I’ll never forget what my friend told me that day: you were forgiven even before you asked.

If you ever want to know what God’s forgiveness looks like, well, my friends, that is it.

This season, we are focusing on the idea of The Wonders of Redeeming Love, which comes from so many of our beloved hymns, Lenten and beyond. 

The most obvious is clearly Beneath the Cross of Jesus, where all of our brokenness is laid bare and yet all we ask is for the sunshine of Christ’s face as we look beyond the grave.

Then there is What Wondrous Love is This? when we reflect with haunting melody upon the incredible marvel of a God who would take upon God’s own self all that we have wrought and deserved.

And who could forget When I Survey the Wondrous Cross where love and sorrow meet, love that is amazing and divine, bidding us to die to our hurtful ways and live the life that love truly entails.

Beyond that, there is the old Appalachian hymn, Come, Ye Sinners, Poor and Needy, when we recall that in the arms of our loving Savior there are ten thousand charms.

Or what about that old standard, Softly and Tenderly Jesus Is Calling, which speaks of wonderful love, mercy and pardon for all of us who will just come home.

It is true that all of us have sinned and fallen short. 

More important than anything else we have broken the commandments that Jesus said to hang all the law and prophets on: we have not loved our neighbors and we have not loved ourselves. In so doing we have not loved God as we should. And oh how that brokenness has wrought such a hurting world. Everywhere around us.

Yet the wonder of God’s redeeming love at work, not only during Holy Week, but also during every moment of our lives, is that Jesus still reaches out his arms and says, come home. The forgiveness is already here, waiting. Because love has already Won. It. All. 

We still have a month to go before Holy Week really sets in. Nevertheless, the importance of this message is as essential now as it will be then: the wonders of God’s redeeming love are all around us, because God has already won and continues to do so, every time that love rules the day.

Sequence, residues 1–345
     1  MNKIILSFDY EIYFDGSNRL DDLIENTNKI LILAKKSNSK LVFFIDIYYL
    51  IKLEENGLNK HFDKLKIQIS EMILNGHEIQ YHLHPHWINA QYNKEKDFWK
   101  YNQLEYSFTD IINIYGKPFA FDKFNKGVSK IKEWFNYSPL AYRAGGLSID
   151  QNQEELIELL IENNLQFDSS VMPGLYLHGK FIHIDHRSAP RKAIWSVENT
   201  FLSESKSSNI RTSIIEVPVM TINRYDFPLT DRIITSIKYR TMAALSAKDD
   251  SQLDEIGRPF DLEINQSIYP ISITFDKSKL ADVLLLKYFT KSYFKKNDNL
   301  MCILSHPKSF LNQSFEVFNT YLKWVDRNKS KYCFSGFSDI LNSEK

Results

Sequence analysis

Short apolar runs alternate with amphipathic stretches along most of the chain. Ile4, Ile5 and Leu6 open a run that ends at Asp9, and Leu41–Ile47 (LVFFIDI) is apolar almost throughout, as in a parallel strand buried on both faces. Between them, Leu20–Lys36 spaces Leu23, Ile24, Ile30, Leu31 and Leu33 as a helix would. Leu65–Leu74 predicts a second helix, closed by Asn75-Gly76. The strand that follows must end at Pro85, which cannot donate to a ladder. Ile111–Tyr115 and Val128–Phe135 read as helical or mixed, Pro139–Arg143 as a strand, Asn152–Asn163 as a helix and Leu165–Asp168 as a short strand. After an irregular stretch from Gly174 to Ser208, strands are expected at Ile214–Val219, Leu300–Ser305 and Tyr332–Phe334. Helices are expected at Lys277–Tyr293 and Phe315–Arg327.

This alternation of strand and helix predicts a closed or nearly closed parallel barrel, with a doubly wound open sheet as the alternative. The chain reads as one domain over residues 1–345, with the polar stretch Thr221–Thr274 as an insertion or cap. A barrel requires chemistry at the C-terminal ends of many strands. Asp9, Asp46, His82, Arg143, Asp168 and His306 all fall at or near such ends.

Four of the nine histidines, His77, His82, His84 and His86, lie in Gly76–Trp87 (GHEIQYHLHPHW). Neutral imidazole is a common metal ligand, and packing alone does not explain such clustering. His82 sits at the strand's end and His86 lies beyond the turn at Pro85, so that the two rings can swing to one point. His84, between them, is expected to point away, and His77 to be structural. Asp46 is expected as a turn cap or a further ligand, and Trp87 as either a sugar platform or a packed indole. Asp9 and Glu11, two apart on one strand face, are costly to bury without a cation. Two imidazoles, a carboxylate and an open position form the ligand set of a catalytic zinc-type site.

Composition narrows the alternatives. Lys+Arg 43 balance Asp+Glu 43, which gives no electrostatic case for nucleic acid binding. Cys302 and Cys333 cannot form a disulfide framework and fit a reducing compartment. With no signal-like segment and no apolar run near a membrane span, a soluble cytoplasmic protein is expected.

Blessings,   Pastor Janie

Artwork: “You, Too, Must” by the Rev. Lisle Gwynn Garrity of A Sanctified Art, LLC

Back to the Beginning

Lent is here!

The season of preparation for that most important week in the church’s calendar is upon us.

Last night we began our season with the ancient rite of Ash Wednesday, when we remember the frailty of human life with the dust of old palm fronds placed on our foreheads. At the same time, we hold together the remarkable grace of the God who drew us out of the ground, created us with awe-inspired and wonderful hands, called us good, and made us in God’s own image to love and be loved – for our God makes beautiful things out of dust. And we mark ourselves with the symbol of that same God who took on our image, becoming flesh among us, living a life that displayed what love really looks like, even to the ultimate point of giving everything so that all could find the wholeness we were meant to have.

Oh yes, those ashes hold far more than mere death in them.

This weekend, we take our next step in our Lenten journey by going back to the beginning of the story. All the way to Genesis 3.

That’s right, we are going to be looking at the story of “The Fall.” When our original forebears, Adam and Eve ate of the fruit of the tree and fell from grace.

This is an essential story to our Reformed consciousness. We have held onto the belief in the “total depravity” of the human race with a white-knuckled grip since John Calvin died in 1564.

And yet, how we understand what happened in that story, what that first sin truly was, and how it has shaped humanity ever after may not be as simple as some of our brethren would have you believe.

So come to worship as we walk this Lenten journey together and find out what the wonders of God’s redeeming love truly are.

Blessings, Pastor Janie